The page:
Charlie eats a bright, blue, sugar-coated lollipop in the shape of a baby’s pacifier. It’s so sour, your mouth twists after a lick. This is courtesy of Jake, who celebrated the birth of his son, Ryland, a little over a week ago. Congrats Jake and Kristy…
As for the bright, blue, sugar-coated binky…. Charlie says to Theo,
“Here, have a lick, Theo…”
“No!” I yell…. passionately.
“Why not?” Charlie asks.
“Because he’s a baby”
“But when we went Trick-or-Treating you held out his bag and said, ‘Candy for her little brother’. Why would you do that if he can’t eat candy?” she asks.
Frustrated, and just as confused as the four-year-old… I answer, “Because it’s for Mommy and Daddy, everyone knows that, everyone knows babies don’t eat candy.”
“Here’s the thing…. (enter rant about candy that really has to do with morals and values)… Candy is not good for you, you know that. Remember when we went to the dentist, and she said how nice your teeth are and how sugary stuff is bad for your teeth…. (I loose my train of thought as both of our eyes gloss over and thoughts of obesity and poor eating habits race through my mind and how school lunches should be better and who thought it would be a good idea to give out so much candy to children, especially the cheese curls, my daughter wouldn’t know what a cheese curl was if it weren’t for daycare)
I decided to take a different approach.
“Charlie, you eat as much candy as you can. Eat until your belly aches!” She took her pumpkin filled with candy into her room (note to self: combine all the candy into one container and put up high- melt into one big stew in spare time).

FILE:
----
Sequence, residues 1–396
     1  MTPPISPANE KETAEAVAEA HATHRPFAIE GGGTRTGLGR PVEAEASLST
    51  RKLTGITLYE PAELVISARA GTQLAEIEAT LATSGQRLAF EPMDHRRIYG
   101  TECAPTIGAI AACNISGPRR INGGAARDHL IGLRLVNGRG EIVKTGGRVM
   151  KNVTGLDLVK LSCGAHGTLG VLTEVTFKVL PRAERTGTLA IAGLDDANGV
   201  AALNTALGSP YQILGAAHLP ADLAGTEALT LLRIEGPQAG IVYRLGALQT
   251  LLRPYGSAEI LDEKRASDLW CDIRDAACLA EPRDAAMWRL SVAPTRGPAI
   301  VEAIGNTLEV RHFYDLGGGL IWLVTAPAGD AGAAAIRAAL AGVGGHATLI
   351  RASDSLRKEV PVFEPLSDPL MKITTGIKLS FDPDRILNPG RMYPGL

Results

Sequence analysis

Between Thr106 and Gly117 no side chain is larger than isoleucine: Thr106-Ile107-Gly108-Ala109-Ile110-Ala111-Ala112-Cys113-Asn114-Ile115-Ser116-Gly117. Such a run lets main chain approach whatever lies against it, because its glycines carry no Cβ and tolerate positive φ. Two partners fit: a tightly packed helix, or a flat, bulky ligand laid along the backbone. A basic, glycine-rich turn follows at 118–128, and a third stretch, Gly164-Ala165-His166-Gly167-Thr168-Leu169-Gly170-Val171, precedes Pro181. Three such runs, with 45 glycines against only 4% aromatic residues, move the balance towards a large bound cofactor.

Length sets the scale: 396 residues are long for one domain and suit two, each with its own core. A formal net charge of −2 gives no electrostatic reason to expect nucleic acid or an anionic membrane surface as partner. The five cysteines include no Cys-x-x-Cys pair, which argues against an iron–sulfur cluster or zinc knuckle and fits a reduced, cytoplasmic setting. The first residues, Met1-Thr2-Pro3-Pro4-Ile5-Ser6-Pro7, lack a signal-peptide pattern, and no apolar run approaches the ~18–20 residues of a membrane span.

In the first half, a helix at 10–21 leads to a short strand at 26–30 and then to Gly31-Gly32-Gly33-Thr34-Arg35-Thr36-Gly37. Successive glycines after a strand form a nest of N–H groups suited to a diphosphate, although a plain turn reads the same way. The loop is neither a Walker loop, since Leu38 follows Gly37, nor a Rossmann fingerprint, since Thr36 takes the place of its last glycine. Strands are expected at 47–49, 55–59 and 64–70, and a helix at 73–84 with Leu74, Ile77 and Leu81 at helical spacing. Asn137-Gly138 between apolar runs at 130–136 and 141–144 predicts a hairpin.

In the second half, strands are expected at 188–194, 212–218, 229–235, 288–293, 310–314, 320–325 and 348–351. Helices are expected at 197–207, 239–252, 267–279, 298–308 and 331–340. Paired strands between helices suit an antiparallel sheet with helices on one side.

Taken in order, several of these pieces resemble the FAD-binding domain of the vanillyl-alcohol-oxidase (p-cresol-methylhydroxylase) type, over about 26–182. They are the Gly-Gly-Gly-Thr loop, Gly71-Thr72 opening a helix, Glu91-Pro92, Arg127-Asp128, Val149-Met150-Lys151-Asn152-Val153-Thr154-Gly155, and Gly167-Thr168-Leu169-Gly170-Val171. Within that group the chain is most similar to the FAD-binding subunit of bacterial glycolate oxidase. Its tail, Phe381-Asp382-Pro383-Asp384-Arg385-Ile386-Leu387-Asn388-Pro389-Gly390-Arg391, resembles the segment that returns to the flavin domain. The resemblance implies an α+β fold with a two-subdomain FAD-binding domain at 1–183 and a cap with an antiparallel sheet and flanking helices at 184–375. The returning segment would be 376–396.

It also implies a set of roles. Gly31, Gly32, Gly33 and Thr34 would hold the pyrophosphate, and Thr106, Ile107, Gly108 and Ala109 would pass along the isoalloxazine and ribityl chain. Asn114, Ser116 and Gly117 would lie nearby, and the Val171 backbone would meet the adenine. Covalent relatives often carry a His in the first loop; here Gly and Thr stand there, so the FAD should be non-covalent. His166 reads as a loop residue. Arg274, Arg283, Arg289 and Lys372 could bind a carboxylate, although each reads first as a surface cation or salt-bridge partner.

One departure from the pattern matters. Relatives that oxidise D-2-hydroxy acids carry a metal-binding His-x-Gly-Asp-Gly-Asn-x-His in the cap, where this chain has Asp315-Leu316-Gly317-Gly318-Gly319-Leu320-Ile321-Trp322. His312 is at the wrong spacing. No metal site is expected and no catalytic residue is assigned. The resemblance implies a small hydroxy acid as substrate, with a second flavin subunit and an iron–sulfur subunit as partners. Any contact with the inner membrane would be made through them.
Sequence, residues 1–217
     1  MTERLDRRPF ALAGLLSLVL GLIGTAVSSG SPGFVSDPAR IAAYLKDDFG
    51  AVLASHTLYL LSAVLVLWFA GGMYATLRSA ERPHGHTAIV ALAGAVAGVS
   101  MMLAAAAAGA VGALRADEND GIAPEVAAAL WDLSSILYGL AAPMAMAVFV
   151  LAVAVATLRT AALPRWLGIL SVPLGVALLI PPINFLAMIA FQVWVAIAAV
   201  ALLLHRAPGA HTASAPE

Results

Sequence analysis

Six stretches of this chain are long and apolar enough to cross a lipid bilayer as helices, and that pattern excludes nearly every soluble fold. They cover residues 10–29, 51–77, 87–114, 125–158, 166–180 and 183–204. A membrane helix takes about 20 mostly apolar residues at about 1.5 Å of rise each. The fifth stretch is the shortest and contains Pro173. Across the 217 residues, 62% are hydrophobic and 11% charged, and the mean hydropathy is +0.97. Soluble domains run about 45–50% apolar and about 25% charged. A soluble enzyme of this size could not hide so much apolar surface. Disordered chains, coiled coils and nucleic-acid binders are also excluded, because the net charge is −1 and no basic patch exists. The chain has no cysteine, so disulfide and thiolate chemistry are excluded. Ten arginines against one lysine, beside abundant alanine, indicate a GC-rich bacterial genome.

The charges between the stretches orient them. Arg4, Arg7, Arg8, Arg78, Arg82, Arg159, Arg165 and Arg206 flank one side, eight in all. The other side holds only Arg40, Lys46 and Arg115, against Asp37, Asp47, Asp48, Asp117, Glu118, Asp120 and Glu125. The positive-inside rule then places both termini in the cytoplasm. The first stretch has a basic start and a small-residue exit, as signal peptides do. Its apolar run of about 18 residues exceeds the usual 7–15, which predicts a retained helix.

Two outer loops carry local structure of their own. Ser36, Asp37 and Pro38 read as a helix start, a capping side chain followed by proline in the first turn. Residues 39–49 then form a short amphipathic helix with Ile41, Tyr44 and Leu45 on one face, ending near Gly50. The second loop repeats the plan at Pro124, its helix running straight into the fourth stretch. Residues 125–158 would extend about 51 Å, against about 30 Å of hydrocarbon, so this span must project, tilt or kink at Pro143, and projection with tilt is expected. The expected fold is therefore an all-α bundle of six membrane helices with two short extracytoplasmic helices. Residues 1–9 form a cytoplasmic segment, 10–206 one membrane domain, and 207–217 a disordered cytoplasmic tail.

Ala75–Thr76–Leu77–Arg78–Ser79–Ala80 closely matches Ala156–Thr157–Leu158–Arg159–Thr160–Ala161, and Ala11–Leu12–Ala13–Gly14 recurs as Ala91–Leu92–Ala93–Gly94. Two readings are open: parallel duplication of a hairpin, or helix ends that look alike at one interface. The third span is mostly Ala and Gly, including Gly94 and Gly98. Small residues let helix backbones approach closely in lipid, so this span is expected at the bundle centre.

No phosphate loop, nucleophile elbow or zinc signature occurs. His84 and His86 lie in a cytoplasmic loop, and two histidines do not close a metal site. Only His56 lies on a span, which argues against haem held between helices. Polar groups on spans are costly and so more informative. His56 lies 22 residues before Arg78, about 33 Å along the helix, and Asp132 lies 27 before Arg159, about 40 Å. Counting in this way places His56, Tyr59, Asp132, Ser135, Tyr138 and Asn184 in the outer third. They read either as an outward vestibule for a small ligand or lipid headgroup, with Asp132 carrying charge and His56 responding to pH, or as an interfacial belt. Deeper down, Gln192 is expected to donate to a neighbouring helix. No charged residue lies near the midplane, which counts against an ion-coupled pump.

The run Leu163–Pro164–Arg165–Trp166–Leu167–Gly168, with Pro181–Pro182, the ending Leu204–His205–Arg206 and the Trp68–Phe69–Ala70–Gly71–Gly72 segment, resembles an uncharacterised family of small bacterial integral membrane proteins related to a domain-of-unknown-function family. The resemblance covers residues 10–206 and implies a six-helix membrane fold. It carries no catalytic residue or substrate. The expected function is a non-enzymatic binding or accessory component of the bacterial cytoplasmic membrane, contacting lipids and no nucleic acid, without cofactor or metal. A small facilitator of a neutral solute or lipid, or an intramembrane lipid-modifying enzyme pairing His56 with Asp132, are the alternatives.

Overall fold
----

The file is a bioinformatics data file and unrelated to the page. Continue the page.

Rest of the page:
She came out after a few minutes and set the bag next to me. I began eating a Crunch bar. I really do like Crunch bars. She then wanted one. Pull it together, I tell myself. It’ll be fine. I unwrap it for her and hand it to her. I cringe. Looking back I have no idea why. What am I afraid of, that she’ll turn into a chocolate vampire and not be able to stop eating chocolate?
I think it’s more of a pride issue and I’d rather not the thought of un-doing everything I’ve worked so hard for. A little girl who really doesn’t snack on candy, chips and junk food, and will eat fruits, yogurt and cottage cheese. There’s a fine line between giving too much and giving too little and my over awareness may be on the verge of insanity. Mine, not hers.
It also stems from my own guilt of wanting to crash on the couch after school like a teenager, watch the rest of the first Twilight movie Sean (yes, Sean) taped and eat candy until he gets home to make something for dinner. This isn’t all true because I do have a roast in the crock pot and I am playing the movie while I tell Charlie to go into her room or else she’ll have nightmares. I won’t turn it off, though, not until I see what happens to these star-crossed lovers. Sean came home and said, after watching for a minute:
“This is the stupidest movie ever”
“It’s a love story, Sean, they’re in love, they can’t live without each other. It’s like us.”
The underlying tones implied here goes without saying and leaves me wondering how this movie can be appropriate for 9-year-olds who scream for these stars at movie premieres, until I remember that their mothers drove them there. It does provide nostalgia of young love, almost as much as the last time I listened to a Taylor Swift song.
In conclusion, Charlie, I love you and I love chocolate so it’s in your blood to be a chocolate-eating vampire.